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Which state has the best education system? New York’s early education systems are ranked 44th out of the 50 states

Studies show the New York State’s early education system ranks quite low compared to the rest of the country.

children in an early education system classroom where states were ranked from best to worst.

The New York State Education Department has a federally mandated accountability system, but it was paused due to the pandemic.

Now, the Department is planning to restart the program for the 2022-23 school year.

According to CBS 6 News, disruptions that were caused by the pandemic will be addressed.

Why ranking the early education system for each state is necessary

Wallethub recently released a study that measured different state’s early education systems then ranked them from best to worst.

Source: WalletHub

Parents put a lot of consideration when it comes to moving, and often want their kids to be enrolled in the best schools possible.

This means in some cases, a parent may choose a state to move to just based on the quality of their education system.

The quality of pre-K is just as important as any other education system.

According to Wallethub, pre-K enrollment rates dropped by 300,000 students during the 2021-2022 school year.

This happened due to the pandemic, and experts are concerned because they believe it caused society to fall back when it comes to educational inequality.

Early education programs help prepare children for when it’s time to really go to school, and boosts their chances for success.

Studies all show that there is less of a risk for future crimes among children that attend pre-K.

The study completed by Wallethub took different factors into consideration when measuring and then ranking the state’s school systems.

Which states have the best early education systems, and which have the worst, including New York

The measurements used to determine which states were the best or worst included three different factors.

First was access, followed by quality, and then resources and economic support.

For access, Wallethub used how many school districts in a state offered a pre-K program, how many 3-4-year-olds were enrolled in one, and the growth of programs.

The key measurement with the most weight when it comes to access is how many waiting lists or frozen intakes were present.

This is especially important because some families are eligible for the child care, but they aren’t getting it.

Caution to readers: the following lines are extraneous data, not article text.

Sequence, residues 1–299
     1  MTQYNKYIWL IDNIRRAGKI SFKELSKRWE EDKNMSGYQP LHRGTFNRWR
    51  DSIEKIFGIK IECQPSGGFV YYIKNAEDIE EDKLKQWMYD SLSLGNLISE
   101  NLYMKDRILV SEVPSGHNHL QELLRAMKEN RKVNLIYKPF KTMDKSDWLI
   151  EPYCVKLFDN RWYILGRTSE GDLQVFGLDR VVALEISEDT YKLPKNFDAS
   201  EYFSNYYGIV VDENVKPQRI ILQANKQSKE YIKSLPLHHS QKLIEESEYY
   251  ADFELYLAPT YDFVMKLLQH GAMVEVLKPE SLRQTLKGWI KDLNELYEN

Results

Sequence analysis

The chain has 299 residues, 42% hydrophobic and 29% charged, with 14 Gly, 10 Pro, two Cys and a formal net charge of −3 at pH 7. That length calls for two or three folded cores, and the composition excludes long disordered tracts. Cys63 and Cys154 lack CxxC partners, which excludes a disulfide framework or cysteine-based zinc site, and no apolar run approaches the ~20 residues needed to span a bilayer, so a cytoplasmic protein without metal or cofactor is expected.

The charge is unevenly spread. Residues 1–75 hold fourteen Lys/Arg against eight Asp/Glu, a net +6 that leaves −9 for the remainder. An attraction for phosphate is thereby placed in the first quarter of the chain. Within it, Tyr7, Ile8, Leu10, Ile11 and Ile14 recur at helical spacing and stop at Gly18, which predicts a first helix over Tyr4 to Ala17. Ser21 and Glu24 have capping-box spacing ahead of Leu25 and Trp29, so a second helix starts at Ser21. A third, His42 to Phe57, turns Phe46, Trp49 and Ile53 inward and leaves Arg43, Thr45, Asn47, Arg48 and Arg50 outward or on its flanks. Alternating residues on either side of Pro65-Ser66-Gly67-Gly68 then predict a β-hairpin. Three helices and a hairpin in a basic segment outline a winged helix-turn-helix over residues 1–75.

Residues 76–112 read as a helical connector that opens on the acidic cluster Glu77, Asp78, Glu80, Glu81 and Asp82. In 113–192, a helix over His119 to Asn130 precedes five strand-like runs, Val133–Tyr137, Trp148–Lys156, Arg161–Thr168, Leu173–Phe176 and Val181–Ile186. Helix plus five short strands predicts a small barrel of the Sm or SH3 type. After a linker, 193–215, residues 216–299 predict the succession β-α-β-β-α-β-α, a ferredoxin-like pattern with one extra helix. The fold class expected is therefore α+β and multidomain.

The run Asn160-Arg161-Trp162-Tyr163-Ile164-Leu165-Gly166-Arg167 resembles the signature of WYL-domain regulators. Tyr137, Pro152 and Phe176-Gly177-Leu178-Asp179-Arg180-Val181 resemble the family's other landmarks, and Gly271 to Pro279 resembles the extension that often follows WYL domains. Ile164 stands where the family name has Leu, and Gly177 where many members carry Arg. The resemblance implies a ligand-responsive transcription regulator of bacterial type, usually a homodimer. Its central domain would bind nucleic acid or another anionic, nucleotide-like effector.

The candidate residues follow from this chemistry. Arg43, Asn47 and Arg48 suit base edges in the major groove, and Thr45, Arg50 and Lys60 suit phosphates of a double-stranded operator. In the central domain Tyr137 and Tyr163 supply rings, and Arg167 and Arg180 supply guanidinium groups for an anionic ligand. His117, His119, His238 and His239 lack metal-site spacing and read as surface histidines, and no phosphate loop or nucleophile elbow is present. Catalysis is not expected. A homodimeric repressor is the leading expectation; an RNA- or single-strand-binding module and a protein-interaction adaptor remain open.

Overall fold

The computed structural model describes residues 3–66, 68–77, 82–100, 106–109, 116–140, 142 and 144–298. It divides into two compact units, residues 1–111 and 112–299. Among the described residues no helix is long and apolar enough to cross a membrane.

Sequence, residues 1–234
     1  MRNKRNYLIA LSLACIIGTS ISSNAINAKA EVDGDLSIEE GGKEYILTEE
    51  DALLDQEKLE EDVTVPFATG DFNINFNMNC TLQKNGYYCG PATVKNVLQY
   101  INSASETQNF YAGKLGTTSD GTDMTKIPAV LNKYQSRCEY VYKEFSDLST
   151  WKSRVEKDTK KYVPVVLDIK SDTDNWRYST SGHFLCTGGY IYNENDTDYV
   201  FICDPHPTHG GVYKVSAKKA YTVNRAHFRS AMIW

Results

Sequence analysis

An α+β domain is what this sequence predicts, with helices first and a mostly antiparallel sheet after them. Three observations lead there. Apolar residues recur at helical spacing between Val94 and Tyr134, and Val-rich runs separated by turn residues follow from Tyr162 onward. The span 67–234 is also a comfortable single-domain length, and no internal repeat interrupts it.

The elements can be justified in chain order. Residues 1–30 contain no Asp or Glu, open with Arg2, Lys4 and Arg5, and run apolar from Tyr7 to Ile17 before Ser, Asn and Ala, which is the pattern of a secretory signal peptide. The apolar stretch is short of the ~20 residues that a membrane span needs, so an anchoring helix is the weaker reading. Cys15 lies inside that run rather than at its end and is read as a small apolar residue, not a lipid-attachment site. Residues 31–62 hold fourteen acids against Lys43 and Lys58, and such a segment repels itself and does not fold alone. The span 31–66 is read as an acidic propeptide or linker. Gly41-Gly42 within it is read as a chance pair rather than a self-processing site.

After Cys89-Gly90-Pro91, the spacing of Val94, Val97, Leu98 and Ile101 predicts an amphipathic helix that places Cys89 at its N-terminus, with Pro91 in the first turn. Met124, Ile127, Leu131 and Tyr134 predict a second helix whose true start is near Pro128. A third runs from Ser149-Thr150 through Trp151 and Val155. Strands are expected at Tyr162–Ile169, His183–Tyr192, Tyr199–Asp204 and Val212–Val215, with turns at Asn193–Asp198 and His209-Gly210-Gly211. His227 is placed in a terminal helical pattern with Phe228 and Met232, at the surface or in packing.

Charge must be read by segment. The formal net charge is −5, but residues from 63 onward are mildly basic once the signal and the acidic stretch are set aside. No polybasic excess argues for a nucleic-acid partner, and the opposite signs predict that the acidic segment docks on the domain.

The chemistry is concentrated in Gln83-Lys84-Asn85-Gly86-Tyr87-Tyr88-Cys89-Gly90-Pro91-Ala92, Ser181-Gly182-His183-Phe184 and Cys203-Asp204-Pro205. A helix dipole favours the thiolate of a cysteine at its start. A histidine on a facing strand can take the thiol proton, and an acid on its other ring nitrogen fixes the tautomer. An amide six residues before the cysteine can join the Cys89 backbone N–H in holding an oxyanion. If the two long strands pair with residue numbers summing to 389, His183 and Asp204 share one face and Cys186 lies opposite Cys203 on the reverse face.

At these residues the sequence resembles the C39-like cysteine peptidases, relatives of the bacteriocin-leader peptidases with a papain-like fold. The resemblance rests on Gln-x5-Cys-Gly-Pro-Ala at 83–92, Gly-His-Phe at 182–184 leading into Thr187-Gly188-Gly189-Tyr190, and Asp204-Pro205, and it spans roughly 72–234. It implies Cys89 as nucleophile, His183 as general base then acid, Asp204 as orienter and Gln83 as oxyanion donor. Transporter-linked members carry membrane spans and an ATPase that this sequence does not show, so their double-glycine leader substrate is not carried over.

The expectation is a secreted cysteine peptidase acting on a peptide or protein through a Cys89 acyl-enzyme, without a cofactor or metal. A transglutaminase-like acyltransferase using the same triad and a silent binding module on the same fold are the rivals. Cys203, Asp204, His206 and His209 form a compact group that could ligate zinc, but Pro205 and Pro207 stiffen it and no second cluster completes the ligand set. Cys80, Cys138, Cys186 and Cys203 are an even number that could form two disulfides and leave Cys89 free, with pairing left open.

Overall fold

Instead, they’re added to waiting lists despite the fact that their child is eligible to that education that can prepare them to be better off.

While families may wait long periods before receiving child care, there are chances they may never receive it.

For quality, Wallethub looked at benchmarks being met.

This included support for curriculum, early learning/development standards, if the teacher has a BA, training in pre-K, class sizes of 20 or lower, staff and child ratio, and health referrals offered.

Income requirements as well as a school’s safety plan and audits were also measured for quality.

Resources and economic support were factored in using reported spending for enrolled children locally and by the state.

Access and quality were the most important, and worth 40 points each.

Resources and economic support were worth 20 points.

The highest ranked state in the U.S. for best early education systems was Arkansas.

The lowest ranked state for early education systems was Indiana.

For access, the District of Columbia scored the highest and Indiana scored the lowest.

Arkansas scored the highest for quality and North Dakota scored the lowest.

Finally, for resources and economic support, Oregon scored the best and New Hampshire scored the worst.

New York was the 41st worst state for access, 44th lowest for quality, and 17th best for resources and economic support.


What does this study mean for the worst early childhood education systems and what can states do to fix them?

Wallethub spoke with experts to get their opinions on how to fix the issues after completing the study.

Ph.D. Assistant Professor Whitney A. Idol was asked which factors are the most important when influencing a child’s educational development.

“Many of the most important factors that influence a child’s educational development fall under opportunity,” Idol said.

“The opportunity that a child gas been afforded in the past, the present, and the future largely impacts their accessibility to the content they will be required to learn throughout their educational journey.”

Unfortunately, for states with low access scores, children may be eligible and deserving of an opportunity but is denied one.

This could be especially true for children in the state of Indiana.

Idol added that spending is not a direct measure of the quality of education being given.

Spending can help the education system, especially by helping with professional development.

When asked what five indicators of a good or bad early childhood education was, Idol gave five answers ranked in no specific order.

  • Family relationships
  • Child progress
  • Physical environment, including safety
  • Content delivery and curriculum
  • Staff competencies, including ongoing support

Related: NYS will spend $113M to turn around SUNY enrollment decline: How will funds be used?

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